When Ronald Reagan ordered US warplanes to attack Libya on April 15, terrorism was the occasion rather than the cause. Like the electronic confetti spewed out to muddle Libyan radar screens, the terrorism issue was snow to disarm and deflect critics of American military intervention. Such intervention is an essential part of the Reagan Administration’s regimen for restoring Washington’s command of global politics.
Reports of Libyan involvement in terrorist activities stem primarily from US and Israeli intelligence agencies. Mu‘ammar Qaddafi’s regime has undertaken brutal assassination campaigns against Libyan dissidents abroad, a reprehensible but not uniquely Libyan crime. Proof of Libyan responsibility for the more notorious terrorist attacks against Israeli, European and American targets, on the other hand, has been scant. Libyan support for the Palestinian renegade Abu Nidal dates only to sometime in 1985. Concerning the December 27, 1985 massacres in Rome and Vienna airports which prompted the chain of events culminating in the April raids, even the State Department White Paper issued on January 8, 1986 felt obliged to speak of alleged Libyan involvement.  And in a virtuoso display of the uses of “intelligence,” European, Israeli and American “sources” now attribute to Syria responsibility for major terrorist incidents, including the April 5 Berlin disco bombing which Washington used to justify its hail of bombs on Tripoli.
The Reagan administration’s war against Qaddafi began in the first days of the administration, in January 1981. The decision to bomb Qaddafi expresses, at one level, Reagan’s obsessive fix with the man. The Libyan leader, for his part, has obliged the president’s fantasia with his flamboyant posture. Qaddafi might have come from the movie set of Death Valley Days, a photogenic and versatile villain, perfectly cast to serve as a political ideogram in the age of Reagan.
Like Reagan, Qaddafi is a man deeply attached to a few simple ideas. But Qaddafi’s ideas involve Islam and Arab nationalism — ideas which do not communicate well to the US president. On top of this, Libya is weak, the sort of adversary Reagan likes best. No matter that it was militant Lebanese Shi‘a, sworn enemies of Qaddafi, who blew up the Marine Corps barracks, who kidnapped and sometimes murdered American civilian hostages in Lebanon, or who hijacked a TWA jetliner to Beirut last June. As Woody Guthrie once sang of Pretty Boy Floyd, “Every crime in Oklahoma was added to his name.”
Public Enemy Number One
There is, it is true, a history of antagonism between the US and Libya that extends back more than a decade. It is a conflict rooted in US efforts to conserve and expand its power in the Middle East and Libya’s messianic, meddling campaigns for a unified Arab political force in the region. Washington had long considered Qaddafi “disruptive,” but not a serious threat to US interests in the region and certainly not a weighty concern.
Yet Libya was on the National Security Council agenda on January 21, 1981, the day after the inauguration, and the first Reagan administration “interdepartmental foreign policy study” was to explore ways of “tying up” Qaddafi.  Within a few months, the administration had decided “to start with a low-key, non-violent effort to recruit reliable agents from within the Libyan exile community and begin the slow, tedious task of building a viable opposition to Qaddafi.”  Before the year was out, the US embargoed imports of Libyan oil. (Embargoes and economic weapons have an undeserved reputation of “not working.” In fact, they are often an important component of a serious destabilization campaign — such as Mossadeq in Iran and Allende in Chile.)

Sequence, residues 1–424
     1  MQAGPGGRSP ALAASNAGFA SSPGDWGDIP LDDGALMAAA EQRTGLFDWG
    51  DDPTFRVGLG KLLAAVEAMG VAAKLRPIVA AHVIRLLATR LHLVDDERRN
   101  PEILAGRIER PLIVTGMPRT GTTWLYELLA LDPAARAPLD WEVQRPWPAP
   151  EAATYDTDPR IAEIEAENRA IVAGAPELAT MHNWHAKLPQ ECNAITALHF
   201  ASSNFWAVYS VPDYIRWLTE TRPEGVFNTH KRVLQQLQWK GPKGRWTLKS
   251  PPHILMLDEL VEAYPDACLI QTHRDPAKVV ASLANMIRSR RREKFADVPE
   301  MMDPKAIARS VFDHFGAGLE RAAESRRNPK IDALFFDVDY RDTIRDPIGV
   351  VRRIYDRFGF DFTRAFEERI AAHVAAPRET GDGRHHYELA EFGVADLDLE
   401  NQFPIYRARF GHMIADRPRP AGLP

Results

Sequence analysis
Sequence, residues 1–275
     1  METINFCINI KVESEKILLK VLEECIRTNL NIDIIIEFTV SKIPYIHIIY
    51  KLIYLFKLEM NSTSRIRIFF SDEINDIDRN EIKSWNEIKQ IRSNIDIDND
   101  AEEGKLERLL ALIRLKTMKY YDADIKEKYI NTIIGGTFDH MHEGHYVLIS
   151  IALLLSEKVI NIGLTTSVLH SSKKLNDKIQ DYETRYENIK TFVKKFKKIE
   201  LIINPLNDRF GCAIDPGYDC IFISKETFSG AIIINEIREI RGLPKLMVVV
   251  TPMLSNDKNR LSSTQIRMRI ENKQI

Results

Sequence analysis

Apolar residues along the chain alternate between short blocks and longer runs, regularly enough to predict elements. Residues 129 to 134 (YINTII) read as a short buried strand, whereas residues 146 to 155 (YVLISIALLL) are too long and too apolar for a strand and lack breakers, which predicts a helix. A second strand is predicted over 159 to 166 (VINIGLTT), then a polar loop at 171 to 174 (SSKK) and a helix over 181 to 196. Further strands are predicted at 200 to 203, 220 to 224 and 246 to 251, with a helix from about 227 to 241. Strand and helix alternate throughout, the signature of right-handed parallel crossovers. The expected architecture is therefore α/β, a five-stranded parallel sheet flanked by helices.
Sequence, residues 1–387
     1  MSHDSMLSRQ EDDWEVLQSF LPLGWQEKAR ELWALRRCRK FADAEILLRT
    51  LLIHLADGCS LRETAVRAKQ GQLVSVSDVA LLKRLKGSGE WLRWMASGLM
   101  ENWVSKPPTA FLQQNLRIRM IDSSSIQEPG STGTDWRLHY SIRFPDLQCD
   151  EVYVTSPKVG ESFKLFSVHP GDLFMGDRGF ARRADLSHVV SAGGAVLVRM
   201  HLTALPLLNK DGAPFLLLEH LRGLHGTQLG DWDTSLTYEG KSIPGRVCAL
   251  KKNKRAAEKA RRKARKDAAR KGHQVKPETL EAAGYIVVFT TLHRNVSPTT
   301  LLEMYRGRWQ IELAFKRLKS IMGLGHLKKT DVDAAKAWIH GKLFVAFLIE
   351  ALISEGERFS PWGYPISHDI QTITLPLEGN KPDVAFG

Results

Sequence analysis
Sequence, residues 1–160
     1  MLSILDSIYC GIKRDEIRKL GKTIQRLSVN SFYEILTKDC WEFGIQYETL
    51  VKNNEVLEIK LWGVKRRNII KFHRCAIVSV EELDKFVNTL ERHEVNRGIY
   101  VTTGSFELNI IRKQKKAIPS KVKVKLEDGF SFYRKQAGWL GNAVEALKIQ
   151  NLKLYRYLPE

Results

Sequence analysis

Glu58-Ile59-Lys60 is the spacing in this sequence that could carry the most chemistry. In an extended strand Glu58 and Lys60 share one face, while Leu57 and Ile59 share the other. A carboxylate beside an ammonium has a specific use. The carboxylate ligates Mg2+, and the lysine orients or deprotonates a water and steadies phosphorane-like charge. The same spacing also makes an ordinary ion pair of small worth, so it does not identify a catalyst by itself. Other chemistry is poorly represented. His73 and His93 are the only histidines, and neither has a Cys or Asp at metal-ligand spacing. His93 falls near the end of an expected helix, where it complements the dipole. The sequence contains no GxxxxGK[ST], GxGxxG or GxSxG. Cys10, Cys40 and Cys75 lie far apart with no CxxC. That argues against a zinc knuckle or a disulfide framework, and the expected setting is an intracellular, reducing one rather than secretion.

What accounts for this meteoric rise of Col. Qaddafi to the status of international public enemy number one? The key factor is the staunchly anti-Soviet world view of the Reagan administration. It is quite striking that Alexander Haig, in his memoirs, repeatedly pairs “Qaddafi and Castro” or “Libya and Cuba” as the foremost instruments of Soviet expansionism, and that he refers to Libya in no other context. The Reagan administration came to power determined to avenge the humiliation of the Iranian revolution and the hostage crisis. It saw the string of reversals in the Third World — Indochina, Angola, Zimbabwe, Nicaragua and more, culminating in Iran and Afghanistan — as part of a Soviet campaign to exploit United States military weakness (both nuclear and conventional). Qaddafi’s Libya, with its Soviet military supply relationship, was a “Soviet asset” to be isolated and, if possible, eliminated.
In addition, the administration had enthusiastically adapted the Israeli usage of “terrorist” to encompass virtually all adversaries, particularly those of Middle Eastern origin. By 1981, after four years of Likud rule, there existed a small industry in Israel and the United States dedicated to the proposition that the Soviet Union, after all, was responsible for terrorism, and that resistance to Israeli or American designs was nothing but a piece of a worldwide communist-directed war against Western civilization. Experts on terrorism have supplanted experts on communism — many are the very same people. Libya’s well-advertised support for the more extremist and rejectionist Palestinian factions, and its assassination campaigns against Libyan dissidents abroad, made it a natural target in this campaign. There is also a racist component here, analogous to the “yellow peril” when China epitomized the communist threat. Today there is a swarthy mannequin (“of Middle Eastern complexion”) with interchangeable labels — Arab, Palestinian, Iranian, Muslim, Shi‘i, Libyan, fundamentalist. For the Great Communicator, terrorism facilitates the merciful end of politics.
The campaign against Qaddafi was also tied to the US military buildup in the region and Libyan support for opposition forces in Egypt, Tunisia, Sudan and Morocco. Egypt is a key Arab military ally and a probable staging point for US military intervention in the Arabian Peninsula. Sudan is an important component of Egyptian security, and of the political balance in the Horn of Africa. The administration saw Moroccan bases as essential relay points for any US troop excursion to the Persian Gulf. This meant political and military support for King Hassan’s regime, including its war in Western Sahara against the (sometime Libyan-backed) Polisario. Chad, south of Libya and east of Sudan, was the proxy battleground of the campaign to “put Qaddafi back in his box,” as France and the US intervened on one side and Libya on the other side of that country’s long civil war.